Happy Birthday to Beethoven! 250 years old today, and still looking absolutely fabulous on it!
Today’s post is focusing on boosting your physical environment ready for Christmas. Today and tomorrow are just long enough away from Christmas itself to not yet have you completely in the holiday spirit and close enough that a darn good clean now will see you through until post-Christmas, when a day during Romjul cleaning and clearing forms a nice counterpoint to days of enforced idleness and rest.
Add to that the fact that, in the UK at least, this is possibly the last child-free day for many stay at home parents and some time cleaning without needing to entertain as well will be time well spent. I do need to come really clean here and say again that I am not a natural housekeeper, and much of my cleaning is done under protest rather than positively anticipated. I do like a clean house for Christmas, though, so some time around now is usually my last big dive. I have a list that I follow every year, so much so I made a printable for my Christmas planner. You can access and download that here:
It’s worked for me over a few years, and you’re welcome to use it if you want to, but the bare bones of my pre-Christmas clean up are these:
- I start at the top of the house and work my way clockwise down to the bottom. I focus mainly on rooms where outsiders are likely to stray, or where the family en masse will be. That means essentially any guest rooms, bathrooms, hall, stairs, landing, kitchen, dining and living room. The children’s bedrooms can go hang for a couple of weeks unless I get them to clean them and today is not the day to clear the garage. Today is for cleaning, not decluttering. You can start that with a will on 1st January.
- I carry everything I need in one portable basket: cloths, window cleaner, multipurpose cleaner, orange-scented wood cleaner. I usually have a carpet freshener on hand as well.
- Everything I intend to get done cleaning wise for the week is down on the list. I print it out and put it up somewhere visible. My children are adults now, so it’s entirely possible that they may complete some of the tasks fo rme without being asked, but they’re usually very good about taking on stuff if I ask them. My daughter cleans fridges like a pro, my eldest son does washing well enough and my middle son voluntarily takes on outside tasks and cleans the downstairs loo well enough. They all take responsibility for their own bedrooms, of course, and cooking has become a pleasure since they all have their own speciality.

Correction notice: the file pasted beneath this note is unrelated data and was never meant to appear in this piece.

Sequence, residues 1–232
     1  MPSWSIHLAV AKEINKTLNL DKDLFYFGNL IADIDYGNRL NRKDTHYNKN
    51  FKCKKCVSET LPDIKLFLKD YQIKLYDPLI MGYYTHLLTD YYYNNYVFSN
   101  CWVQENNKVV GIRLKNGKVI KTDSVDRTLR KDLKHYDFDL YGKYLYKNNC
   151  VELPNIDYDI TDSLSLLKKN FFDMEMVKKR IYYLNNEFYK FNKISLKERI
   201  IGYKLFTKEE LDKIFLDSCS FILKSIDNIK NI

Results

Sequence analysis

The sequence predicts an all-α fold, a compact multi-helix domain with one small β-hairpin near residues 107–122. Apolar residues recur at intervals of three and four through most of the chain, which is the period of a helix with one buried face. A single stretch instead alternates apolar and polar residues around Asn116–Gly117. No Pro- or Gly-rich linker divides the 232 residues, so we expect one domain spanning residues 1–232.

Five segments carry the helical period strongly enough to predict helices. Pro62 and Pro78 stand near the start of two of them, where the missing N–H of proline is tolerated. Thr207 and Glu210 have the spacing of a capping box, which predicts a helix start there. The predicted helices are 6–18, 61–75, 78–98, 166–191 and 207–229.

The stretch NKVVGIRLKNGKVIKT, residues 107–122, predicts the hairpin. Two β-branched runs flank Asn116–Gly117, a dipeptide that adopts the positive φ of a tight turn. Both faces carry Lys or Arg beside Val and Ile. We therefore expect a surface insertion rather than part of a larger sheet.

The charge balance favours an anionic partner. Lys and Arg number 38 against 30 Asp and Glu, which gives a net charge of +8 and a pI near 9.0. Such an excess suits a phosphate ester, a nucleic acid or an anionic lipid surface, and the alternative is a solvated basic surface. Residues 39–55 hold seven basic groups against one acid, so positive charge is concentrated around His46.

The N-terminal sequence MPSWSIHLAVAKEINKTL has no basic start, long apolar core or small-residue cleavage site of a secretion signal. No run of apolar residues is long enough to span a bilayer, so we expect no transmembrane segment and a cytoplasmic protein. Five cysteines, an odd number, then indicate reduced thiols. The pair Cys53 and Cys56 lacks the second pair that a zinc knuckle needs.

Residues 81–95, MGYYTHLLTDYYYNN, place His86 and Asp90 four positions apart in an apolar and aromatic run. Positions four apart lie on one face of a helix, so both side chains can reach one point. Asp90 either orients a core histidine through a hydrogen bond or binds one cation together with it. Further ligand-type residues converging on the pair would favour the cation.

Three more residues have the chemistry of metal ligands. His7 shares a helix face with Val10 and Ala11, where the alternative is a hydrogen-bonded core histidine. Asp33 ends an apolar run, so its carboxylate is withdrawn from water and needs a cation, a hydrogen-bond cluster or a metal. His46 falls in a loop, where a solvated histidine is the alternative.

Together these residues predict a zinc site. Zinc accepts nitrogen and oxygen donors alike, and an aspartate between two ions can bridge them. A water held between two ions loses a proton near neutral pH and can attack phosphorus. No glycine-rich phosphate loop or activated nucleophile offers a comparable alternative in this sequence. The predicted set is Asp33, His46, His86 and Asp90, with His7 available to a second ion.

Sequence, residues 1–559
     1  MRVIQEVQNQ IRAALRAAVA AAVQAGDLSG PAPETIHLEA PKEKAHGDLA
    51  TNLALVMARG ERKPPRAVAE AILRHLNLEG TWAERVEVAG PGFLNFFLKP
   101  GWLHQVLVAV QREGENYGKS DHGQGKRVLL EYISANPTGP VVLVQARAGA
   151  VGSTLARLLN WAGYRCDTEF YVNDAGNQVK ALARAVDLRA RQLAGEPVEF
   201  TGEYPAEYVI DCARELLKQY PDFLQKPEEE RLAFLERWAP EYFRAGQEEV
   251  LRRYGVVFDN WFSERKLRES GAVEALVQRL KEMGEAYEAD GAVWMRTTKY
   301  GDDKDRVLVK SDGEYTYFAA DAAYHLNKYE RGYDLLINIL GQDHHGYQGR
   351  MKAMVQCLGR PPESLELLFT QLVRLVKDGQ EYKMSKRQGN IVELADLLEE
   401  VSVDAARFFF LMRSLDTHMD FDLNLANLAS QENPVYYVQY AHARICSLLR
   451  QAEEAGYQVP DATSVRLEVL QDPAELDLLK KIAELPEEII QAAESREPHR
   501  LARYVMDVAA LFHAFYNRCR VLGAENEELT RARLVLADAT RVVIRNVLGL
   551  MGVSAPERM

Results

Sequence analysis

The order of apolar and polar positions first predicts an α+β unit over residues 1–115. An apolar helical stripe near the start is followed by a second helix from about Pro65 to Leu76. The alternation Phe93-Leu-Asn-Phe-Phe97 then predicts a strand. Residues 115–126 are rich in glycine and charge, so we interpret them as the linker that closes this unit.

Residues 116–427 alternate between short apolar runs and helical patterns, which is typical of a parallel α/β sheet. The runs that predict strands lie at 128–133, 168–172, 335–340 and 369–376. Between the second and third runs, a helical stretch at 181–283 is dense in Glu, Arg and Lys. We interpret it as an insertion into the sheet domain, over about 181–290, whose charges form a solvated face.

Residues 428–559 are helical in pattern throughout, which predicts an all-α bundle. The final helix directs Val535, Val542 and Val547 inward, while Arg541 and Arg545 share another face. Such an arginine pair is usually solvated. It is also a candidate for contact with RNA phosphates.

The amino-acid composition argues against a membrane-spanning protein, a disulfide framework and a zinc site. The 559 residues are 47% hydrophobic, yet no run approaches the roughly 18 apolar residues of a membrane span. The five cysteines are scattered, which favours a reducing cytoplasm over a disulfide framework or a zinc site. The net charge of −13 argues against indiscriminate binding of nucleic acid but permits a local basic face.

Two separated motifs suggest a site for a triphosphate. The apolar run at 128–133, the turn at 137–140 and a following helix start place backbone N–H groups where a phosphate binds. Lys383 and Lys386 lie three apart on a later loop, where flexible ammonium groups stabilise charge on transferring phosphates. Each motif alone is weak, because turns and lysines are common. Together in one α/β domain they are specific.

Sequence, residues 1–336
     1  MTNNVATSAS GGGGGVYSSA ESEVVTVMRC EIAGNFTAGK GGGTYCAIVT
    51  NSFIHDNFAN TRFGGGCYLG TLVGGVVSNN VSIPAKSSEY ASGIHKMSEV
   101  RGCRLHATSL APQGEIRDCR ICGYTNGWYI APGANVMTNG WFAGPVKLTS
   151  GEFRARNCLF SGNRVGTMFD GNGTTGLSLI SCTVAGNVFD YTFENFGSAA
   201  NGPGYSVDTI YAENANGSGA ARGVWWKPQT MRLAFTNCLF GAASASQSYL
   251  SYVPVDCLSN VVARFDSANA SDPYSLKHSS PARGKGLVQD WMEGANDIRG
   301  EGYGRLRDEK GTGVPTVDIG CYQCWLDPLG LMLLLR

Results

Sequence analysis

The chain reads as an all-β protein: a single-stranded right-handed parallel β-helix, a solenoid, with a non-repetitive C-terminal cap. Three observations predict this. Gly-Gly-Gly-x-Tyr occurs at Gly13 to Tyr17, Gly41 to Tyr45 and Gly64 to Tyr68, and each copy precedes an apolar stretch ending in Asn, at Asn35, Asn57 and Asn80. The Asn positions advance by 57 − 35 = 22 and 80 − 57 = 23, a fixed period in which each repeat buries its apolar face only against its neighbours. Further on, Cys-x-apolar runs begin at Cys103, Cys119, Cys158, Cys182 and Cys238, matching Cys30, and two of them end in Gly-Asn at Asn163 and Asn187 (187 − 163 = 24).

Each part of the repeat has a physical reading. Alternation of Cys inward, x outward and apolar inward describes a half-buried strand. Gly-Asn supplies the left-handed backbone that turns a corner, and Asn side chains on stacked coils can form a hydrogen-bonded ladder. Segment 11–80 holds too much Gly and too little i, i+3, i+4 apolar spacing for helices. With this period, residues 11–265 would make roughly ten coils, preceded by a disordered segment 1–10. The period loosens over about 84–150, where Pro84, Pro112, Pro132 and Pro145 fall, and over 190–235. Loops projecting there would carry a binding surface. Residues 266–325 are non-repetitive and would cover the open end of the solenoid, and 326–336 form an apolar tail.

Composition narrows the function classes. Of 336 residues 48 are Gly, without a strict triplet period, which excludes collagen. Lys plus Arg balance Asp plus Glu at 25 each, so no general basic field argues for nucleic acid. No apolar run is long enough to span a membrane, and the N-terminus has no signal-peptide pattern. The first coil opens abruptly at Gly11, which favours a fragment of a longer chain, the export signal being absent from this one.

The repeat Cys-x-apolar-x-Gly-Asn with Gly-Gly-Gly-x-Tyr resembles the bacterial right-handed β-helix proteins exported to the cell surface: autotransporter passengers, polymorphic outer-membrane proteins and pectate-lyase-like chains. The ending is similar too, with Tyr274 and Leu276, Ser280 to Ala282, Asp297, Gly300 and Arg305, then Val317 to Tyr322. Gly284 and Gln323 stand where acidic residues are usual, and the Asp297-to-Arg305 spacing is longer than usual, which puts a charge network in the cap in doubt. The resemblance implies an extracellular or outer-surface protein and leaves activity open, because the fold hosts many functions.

- I use my phone timer and work in 20 minute bursts. 20 minutes is long enough to surface clean most rooms, and if it isn’t I can come back to the room again later.
- I play loud music. Really loud music. If I’m in a not-Christmas mood, I like a bit of Led Zeppelin. Yes, that sort of loud music. In a Christmas mood, I like a good singalong style.
- And afterwards, we relax. Stick a good movie on, have a takeaway for tea or a really easy cook-itself sort of meal and relax. Mark a day between Christmas and New Year for another clenaing session and, bar eating area and floors in major areas, let the house accumulate the dust.
Because I’m now a full time worker, I may take a day off to get the house ready. I may split the tasks up and complete them over a few evenings, or I may take a weekend morning and blitz the place with the whole family dragged in. Homemaking, housekeeping, fit in and around everyday life. Adapt and adjust to suit your life.
Daily Read: The Mind Boosting Benefits of an Organised Home. A clean home is a thing of restful beauty, and getting it clean can be a meditative exercise in itself.
Daily Book: The Festive House by Alison May. This is one of a series of books about the home in different seasons. I love the ideas for jazzing up your Christmas with self-care ideas as simple as having candy canes to hand when you serve hot chocolate to creating a bowl of clove-studded oranges on the sideboard.
Self-Care Act for the Day: After cleaning, take the rest of the evening off. Have a takeaway meal, enjoy a long bath or refreshing shower, rub orange scented handcream into your hands, feet, knees, elbows and anywhere else dry skin hides and go to bed early with a cup of chai and a decent book or a magazine before sliding into a comfortable sleep.
How to Hygge the British Way is my gift to the world. I don’t get paid for writing it, I’m not in it for the kudos, financial rewards, to become an influencer, work with brands or otherwise make any money from the blog. That’s why there are no ads, and any products I mention and recommend have either been gifted or bought by me with my everyday wages.
I do get a couple of pennies each time someone buys from the Amazon links on my page, as an Amazon Affiliate, but otherwise if you’d like to support me, I like to give something back in return. That’s why I write books. You can find a full list of my books at my Author’s Page on Amazon, but especially recommended for this time of year are:
A Self Care Christmas: A short ebook on keeping Christmas simple and making sure it doesn’t overwhelm.
Celebrating a Contagious Christmas: Available in ebook and paperback, it’s about making this year a festival of Hope.
Happier: Probably my most personal book, it’s the story of how I used hygge and the little rhings in life to help boost my happiness. I still go back and reread to remind myself what I need to do to be a happy human.
Cosy Happy Hygge: Setting up a rhythm to life and rituals to enjoy it to make for a more balanced life that handles waves and storms better.
I wish you all a Merry Christmas, however we get to celebrate it this year, and a Happy, Healthy and Simple New Year.